Ryan Komori is the founder and CEO of Savor Lining, pioneering Organizational Mental Fitness through licensed therapist-led classes and listening sessions.
For Gamers, Win by Setting Intentions
Ryan Terao ’08
There are many parallels between life and video games that we can leverage to better our lives. Video games can provide us with a sense of progression, social connection and even purpose. In this sense, video games can be used as a tool to better our lives and challenge ourselves to grow in different ways. However, video games can also harm us if used inappropriately and in an unbalanced way.
By clearly defining our intentions, we can set healthy boundaries, develop our problem-solving skills and use games to help instead of hinder. Often a player’s success is determined by their ability to effectively regulate their frontal lobe functions like managing their thoughts, emotions and controlling their impulses. Games provide us with an opportunity to defeat our final dungeon boss between our two ears – ourselves. Remember gamers, stronger mental wins!
Dr. Ryan Terao is an esport and licensed clinical psychologist and owner of PsychSensei. He works with esport athletes, coaches and organizations to develop their competitive identities and learn how to regulate thoughts, feelings and behaviors to better perform online and IRL.
Incorporate Postural Exercises into Your Day
Roni Glen ’09 Crass
If you work at a desk all day, these postural exercises can prevent injury and prepare you to be your best physical self:
– Neck circles
– Shoulder rolls
– Shoulder blade squeezes
– Arm raises
– Chin tuck and jut
– Back extensions
– Wall angels
Do 10-15 repetitions of each of these exercises, every 2-3 hours. Make sure to also stand a take a quick walking break at least once an hour.
Roni Crass is a physical therapist working in Los Angeles. She helps people of all ages and abilities to move and reach their physical and fitness goals.
Get Your Eyes and Vision Checked
William Wong ’86
Like your teeth, your eyes and vision require annual checkups and should not be taken for granted, especially with additional eye strain caused by increased use of monitors for remote learning and working.
Video Terminal Fatigue Syndrome can be addressed with proper glasses or other vision correction methods, which can alleviate dry, tired, sore, red eyes and blurry vision. Make 2022 the year to get your eyes and vision back on track.
Dr. William Wong is a board-certified ophthalmologist. He started Hawaii Vision Clinic, which now has locations in Aiea and Kaka‘ako.
Give More Without Filing a Gift Tax Return
Kent Kasaoka, ’94 CPA
The annual gift exclusion amount for 2022 is $16,000. This means that an individual may make a gift up to $16,000 per person per year without having to file a gift tax return. Payments made directly to educational (i.e. tuition) and healthcare institutions are exempt from the annual gift exclusion amount.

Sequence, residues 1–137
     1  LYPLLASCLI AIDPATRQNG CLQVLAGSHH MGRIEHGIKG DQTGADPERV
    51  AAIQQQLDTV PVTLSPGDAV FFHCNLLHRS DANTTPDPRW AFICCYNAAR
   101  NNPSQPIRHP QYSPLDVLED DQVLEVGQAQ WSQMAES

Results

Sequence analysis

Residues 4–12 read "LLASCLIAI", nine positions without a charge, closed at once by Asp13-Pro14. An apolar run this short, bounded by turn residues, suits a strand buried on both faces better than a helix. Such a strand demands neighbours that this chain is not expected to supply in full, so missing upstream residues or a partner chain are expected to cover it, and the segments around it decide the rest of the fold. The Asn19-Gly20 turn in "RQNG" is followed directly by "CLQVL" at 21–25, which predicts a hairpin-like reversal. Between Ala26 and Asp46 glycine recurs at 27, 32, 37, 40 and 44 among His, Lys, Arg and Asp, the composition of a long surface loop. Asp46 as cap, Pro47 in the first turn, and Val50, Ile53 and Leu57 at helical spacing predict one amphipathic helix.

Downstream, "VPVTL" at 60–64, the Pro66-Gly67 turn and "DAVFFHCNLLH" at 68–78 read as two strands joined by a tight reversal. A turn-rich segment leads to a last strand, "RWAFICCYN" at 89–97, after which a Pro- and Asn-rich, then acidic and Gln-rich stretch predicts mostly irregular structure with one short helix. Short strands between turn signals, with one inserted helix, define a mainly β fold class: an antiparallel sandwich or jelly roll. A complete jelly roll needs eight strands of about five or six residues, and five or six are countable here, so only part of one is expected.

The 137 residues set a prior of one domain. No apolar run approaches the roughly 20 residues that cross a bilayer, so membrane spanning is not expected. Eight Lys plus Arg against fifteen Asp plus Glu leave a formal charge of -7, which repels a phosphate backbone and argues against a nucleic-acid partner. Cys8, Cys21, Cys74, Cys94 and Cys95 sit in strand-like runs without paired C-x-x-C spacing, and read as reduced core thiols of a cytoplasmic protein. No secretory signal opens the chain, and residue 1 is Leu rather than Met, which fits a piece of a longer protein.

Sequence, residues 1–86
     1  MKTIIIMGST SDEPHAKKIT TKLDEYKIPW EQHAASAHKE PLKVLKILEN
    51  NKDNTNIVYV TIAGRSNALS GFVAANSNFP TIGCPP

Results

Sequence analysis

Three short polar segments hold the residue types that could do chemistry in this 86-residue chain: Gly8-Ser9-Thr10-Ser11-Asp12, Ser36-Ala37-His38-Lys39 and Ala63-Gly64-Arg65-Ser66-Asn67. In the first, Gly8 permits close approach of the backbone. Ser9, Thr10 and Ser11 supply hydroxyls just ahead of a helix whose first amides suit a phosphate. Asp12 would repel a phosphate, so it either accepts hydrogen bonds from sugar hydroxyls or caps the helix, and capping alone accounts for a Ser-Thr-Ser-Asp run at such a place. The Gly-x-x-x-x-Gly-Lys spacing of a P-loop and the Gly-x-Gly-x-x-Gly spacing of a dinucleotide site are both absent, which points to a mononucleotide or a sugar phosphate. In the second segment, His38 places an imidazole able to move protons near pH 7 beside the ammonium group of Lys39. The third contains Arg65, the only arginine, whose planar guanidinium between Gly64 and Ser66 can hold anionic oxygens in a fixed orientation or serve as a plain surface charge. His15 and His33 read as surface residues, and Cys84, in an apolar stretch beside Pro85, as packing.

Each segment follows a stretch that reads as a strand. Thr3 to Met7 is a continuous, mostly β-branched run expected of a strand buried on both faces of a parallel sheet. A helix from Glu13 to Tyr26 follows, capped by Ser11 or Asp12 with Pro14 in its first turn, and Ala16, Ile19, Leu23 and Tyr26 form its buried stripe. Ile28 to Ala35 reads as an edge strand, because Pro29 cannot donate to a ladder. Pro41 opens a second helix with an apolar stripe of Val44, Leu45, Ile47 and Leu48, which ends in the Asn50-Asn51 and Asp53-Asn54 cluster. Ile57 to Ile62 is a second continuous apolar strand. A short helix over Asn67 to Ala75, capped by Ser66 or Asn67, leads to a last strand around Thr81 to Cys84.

Kent Kasaoka is a certified public accountant licensed by the State of Hawai‘i. He provides tax advisory, planning and compliance services to small business owners and individuals at Kasaoka CPA LLC.
Set up a Password Manager
Travis Dos Santos-Tam ’09
We are spending a lot more time online nowadays and accumulating more digital accounts that we need to track and manage. Many of us resort to bad practices, such as reusing the same password on multiple sites or storing passwords insecurely.
A password manager can help lighten the burden. Secured properly – with a strong master password and multi-factor authentication – these tools can generate unique and complex passwords for each site you use, organize and encrypt them for safe storage and automatically enter them when you visit the site you want to access. Many services will also securely sync your password vault across your devices, so you always have access to your credentials. Some services also allow you to share specific passwords with family members.
Travis Dos Santos-Tam works for Tacoma Power as engineer, supporting its energy management system, the computer system that operators use to manage and control the regional electric grid. He graduated from University of Puget Sound in 2013 with a degree in computer science.
Take Care of Your Body
Leila York ’79 Thomas
Eat food that’s nourishing and healthy.
Incorporate more veggies in your diet to increase fiber intake and help you feel full.
Drink more water than you can think, at least half your body weight in ounces. Hydration helps with digestion and is good for muscles, skin and hair.
Move your body every day and strength train at least two days per week.
Leila York Thomas is a wellness coach who helps clients shed their old dieting habits, learn to love food and gain energy while they lose weight. She can be reached at email@example.com